Abraham Lincoln is often credited for the old maxim that “You can fool all the people some of the time, and some of the people all the time, but you cannot fool all the people all the time.” If this statement is true then matters do not sit well for a few of the more extreme Darwinists who have made some ill-informed and irresponsible claims about the proposed science policy at issue before the Darby School Board.
Fortunately, the word is getting out about what the policy actually says about teaching evolution. And the record is now being set straight: the Darby proposal is a modest compromise. It is perfectly constitutional for students to learn scientific critiques of scientific theories.
Contrary to some claims, the proposed policy before the Darby Board does not require students to learn about the theory of intelligent design. Nor does it remove any information about Darwinian evolution from students’ curricula. Instead, the policy calls for students to learn even more about evolution. Students would learn about the scientific criticisms of Darwin’s theory as well as its scientific merits.
Noting that scientific knowledge is subject to change in the light of new discoveries, the proposed policy restates key provisions from Montana’s current science standards. It goes on to state, “Teachers in the Darby School District are encouraged to help students assess evidence for and against theories, to analyze the scientific strengths and weaknesses of existing scientific theories, including the Theory of Evolution, by giving examples of scientific innovation or discovery challenging commonly held perceptions.”
Unfortunately, a few members on the Darwinist fringe have claimed, falsely, that it is somehow unconstitutional to adopt such a policy. US Supreme Court precedent, Congressional policy and recent experience in other states contradict them. It is perfectly constitutional for students to learn scientific critiques of existing scientific theories.
In the case of Edwards v. Aguillard (1987), the Supreme Court’s seminal decision on the issue of origins science in public classrooms, the court was clear that critical thinking and academic freedom is to be protected. It stated: “We do not imply that a legislature could never require that scientific critiques of prevailing scientific theories be taught.”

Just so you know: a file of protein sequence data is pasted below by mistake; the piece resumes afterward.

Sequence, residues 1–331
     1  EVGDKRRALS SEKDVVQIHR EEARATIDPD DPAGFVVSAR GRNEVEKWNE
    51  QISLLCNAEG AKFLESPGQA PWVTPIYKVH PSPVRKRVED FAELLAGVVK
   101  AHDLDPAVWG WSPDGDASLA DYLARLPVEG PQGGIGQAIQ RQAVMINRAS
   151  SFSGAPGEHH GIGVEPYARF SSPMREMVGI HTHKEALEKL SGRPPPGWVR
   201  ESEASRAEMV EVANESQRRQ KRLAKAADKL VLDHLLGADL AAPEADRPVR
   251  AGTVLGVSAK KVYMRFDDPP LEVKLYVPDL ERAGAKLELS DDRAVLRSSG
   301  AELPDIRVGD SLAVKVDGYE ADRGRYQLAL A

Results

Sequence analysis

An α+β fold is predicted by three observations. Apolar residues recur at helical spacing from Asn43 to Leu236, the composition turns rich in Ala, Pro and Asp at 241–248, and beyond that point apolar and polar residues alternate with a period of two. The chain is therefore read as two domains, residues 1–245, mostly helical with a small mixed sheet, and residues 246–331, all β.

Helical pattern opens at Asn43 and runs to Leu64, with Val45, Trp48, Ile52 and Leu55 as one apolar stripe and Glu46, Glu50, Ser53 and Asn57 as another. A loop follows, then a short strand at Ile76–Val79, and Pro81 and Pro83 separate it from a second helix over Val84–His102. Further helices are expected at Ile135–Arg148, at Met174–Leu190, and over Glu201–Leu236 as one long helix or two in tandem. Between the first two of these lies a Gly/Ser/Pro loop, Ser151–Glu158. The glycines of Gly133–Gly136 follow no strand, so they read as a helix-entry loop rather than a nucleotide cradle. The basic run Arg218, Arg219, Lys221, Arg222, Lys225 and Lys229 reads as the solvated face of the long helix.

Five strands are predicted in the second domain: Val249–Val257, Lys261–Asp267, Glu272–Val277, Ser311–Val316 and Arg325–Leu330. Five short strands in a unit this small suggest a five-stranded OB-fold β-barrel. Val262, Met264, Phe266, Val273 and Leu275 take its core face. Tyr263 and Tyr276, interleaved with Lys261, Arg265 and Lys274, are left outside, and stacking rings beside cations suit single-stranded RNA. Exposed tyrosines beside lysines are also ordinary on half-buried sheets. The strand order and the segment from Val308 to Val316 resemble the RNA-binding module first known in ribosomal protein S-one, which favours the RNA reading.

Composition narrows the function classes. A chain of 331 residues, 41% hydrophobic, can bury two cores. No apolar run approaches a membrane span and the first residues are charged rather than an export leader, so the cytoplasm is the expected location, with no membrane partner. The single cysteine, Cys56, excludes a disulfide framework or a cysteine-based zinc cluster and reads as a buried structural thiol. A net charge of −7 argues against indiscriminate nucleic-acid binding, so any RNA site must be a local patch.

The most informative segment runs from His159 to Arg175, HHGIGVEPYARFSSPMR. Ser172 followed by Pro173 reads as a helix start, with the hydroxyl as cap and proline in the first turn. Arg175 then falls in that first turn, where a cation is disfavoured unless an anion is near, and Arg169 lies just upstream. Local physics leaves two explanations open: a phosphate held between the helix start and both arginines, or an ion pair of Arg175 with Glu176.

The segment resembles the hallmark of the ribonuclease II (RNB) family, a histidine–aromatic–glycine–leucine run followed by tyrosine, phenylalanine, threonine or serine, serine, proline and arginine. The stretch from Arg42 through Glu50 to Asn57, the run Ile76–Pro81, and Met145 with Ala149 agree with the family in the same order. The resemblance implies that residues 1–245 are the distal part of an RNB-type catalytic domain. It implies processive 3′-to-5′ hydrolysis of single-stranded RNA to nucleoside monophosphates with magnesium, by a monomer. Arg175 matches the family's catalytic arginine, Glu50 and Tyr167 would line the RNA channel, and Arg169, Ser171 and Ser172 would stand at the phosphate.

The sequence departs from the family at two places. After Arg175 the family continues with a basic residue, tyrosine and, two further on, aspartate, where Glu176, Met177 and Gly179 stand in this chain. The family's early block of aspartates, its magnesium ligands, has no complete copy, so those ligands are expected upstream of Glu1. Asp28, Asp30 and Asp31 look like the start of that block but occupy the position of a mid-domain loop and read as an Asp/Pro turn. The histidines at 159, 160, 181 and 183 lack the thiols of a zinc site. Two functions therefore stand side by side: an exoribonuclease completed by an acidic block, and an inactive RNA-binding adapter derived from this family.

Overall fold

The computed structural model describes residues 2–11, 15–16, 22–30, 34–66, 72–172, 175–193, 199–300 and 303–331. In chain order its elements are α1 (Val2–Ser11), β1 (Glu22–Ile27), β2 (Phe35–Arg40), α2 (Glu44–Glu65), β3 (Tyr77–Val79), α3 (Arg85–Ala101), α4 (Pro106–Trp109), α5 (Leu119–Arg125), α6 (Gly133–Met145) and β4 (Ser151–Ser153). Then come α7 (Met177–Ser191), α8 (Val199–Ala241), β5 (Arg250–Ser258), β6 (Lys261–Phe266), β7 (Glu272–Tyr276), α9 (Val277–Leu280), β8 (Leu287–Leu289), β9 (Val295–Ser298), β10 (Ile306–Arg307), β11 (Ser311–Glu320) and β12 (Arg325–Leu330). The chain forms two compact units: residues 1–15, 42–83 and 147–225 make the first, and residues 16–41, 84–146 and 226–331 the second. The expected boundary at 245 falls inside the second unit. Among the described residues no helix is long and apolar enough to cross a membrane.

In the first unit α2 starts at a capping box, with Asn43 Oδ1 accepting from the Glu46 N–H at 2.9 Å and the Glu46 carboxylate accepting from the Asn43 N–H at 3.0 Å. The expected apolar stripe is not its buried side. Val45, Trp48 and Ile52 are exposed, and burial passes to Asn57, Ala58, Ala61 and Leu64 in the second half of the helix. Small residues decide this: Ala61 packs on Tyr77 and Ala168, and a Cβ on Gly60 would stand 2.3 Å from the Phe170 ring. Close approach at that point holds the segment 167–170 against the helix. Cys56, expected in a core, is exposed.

The Conference Committee Report of the No Child Left Behind Act of 2001 expresses the view of Congress concerning controversial scientific theories. The Report says that where controversial topics like biological evolution exist, students should be able to “understand the full range of scientific views that exist.” In fact, Congress has been so serious in this regard that it will be conducting hearings upon the Report language and its implementation early next month in Washington D.C.*
In 2002, after one year of careful study, the Ohio State Board of Education unanimously adopted the following benchmark as part of its science standards: “Students should know why scientists today continue to investigate and critically analyze aspects of evolutionary theory.” The Ohio standard was adopted without any legal challenge, and Darby would by no means be breaking new ground in adopting the proposed policy. If this policy is good enough for students in other states and school districts, why would it not be good enough for students in Darby?
A few individuals opposing the proposed policy have hoped to divert the public’s attention from the real issues by focusing on the motives of the policy supporters, instead of focusing on the evidence.
For instance, last month Mr. John Schneeberger wrote a letter to the editor that sounded more like a fundraising letter for his small local group. He ducked the scientific controversy and focused instead upon the perceived motives of the Discovery Institute and one of its donors. For the record, the Discovery Institute is a national public policy think-tank, and the nation’s leading think-tank supporting research and scholarship critical of neo-Darwinian theory. His attacks upon Mr. Howard Ahmanson (a contributor to Discovery Institute) as a supposed supporter of theocracy are blatantly false and erroneous. Had Mr. Schneeberger bothered to research his claims rather than following a set of talking points from the Darwin lobby, he would realize that Mr. Ahmanson supports democracy and contributes to an assortment of human rights and relief organizations, and also that major newspapers in Ohio and Texas have acknowledged that such claims about Howard Ahmanson are completely baseless.
More to the point, attacks on personal motives are contrary to the scientific enterprise and irrelevant to the issue being considered in Montana. Such attacks are a last ditch, long-shot effort to distract citizens from a sound and careful policy that offers a middle-of-the-road compromise that will enhance students’ science education.
Charles Darwin wrote that a fair result can only be obtained by balancing the facts and argument on both sides of each question. The proposed policy would allow for such a fair result in Darby’s science classes.
Seth L. Cooper, J.D.
Discovery Institute’s Center for Science & Culture
*Note: The hearings mentioned have since been postponed.